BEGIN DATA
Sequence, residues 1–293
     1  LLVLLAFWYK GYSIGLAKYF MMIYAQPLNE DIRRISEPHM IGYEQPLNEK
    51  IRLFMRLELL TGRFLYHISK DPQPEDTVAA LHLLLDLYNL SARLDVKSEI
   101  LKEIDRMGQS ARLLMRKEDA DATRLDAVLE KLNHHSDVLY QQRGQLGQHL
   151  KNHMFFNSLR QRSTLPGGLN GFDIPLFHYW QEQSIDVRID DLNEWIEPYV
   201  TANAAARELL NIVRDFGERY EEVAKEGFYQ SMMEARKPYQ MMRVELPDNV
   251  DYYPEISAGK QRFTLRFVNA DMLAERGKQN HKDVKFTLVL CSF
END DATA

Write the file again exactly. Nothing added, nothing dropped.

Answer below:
Sequence, residues 1–293
     1  LLVLLAFWYK GYSIGLAKYF MMIYAQPLNE DIRRISEPHM IGYEQPLNEK
    51  IRLFMRLELL TGRFLYHISK DPQPEDTVAA LHLLLDLYNL SARLDVKSEI
   101  LKEIDRMGQS ARLLMRKEDA DATRLDAVLE KLNHHSDVLY QQRGQLGQHL
   151  KNHMFFNSLR QRSTLPGGLN GFDIPLFHYW QEQSIDVRID DLNEWIEPYV
   201  TANAAARELL NIVRDFGERY EEVAKEGFYQ SMMEARKPYQ MMRVELPDNV
   251  DYYPEISAGK QRFTLRFVNA DMLAERGKQN HKDVKFTLVL CSF